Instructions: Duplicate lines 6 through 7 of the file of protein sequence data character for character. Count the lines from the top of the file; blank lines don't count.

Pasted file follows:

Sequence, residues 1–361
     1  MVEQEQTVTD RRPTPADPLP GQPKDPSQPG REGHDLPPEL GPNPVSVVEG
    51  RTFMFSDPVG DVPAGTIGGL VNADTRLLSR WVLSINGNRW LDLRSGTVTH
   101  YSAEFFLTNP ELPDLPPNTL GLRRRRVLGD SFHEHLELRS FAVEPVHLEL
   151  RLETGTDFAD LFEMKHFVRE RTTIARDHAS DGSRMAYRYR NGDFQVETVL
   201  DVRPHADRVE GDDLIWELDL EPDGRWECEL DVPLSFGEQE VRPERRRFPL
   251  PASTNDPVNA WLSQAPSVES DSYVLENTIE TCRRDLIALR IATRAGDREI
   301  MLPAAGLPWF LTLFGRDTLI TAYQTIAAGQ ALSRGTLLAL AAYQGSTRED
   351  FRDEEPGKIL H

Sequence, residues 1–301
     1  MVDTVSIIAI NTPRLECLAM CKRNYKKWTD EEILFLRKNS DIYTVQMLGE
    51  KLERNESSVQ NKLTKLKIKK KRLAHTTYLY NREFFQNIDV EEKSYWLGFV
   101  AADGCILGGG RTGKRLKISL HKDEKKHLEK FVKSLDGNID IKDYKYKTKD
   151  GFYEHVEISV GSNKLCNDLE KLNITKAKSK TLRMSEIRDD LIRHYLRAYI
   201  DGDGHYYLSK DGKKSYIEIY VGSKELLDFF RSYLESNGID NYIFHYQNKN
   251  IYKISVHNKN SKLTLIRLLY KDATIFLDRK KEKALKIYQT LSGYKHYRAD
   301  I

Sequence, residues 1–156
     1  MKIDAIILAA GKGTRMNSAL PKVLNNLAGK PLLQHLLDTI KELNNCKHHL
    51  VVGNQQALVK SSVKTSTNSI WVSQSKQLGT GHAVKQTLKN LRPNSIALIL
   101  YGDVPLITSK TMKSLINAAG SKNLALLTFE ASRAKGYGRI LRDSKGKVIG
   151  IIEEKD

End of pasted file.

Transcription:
   201  DVRPHADRVE GDDLIWELDL EPDGRWECEL DVPLSFGEQE VRPERRRFPL
   251  PASTNDPVNA WLSQAPSVES DSYVLENTIE TCRRDLIALR IATRAGDREI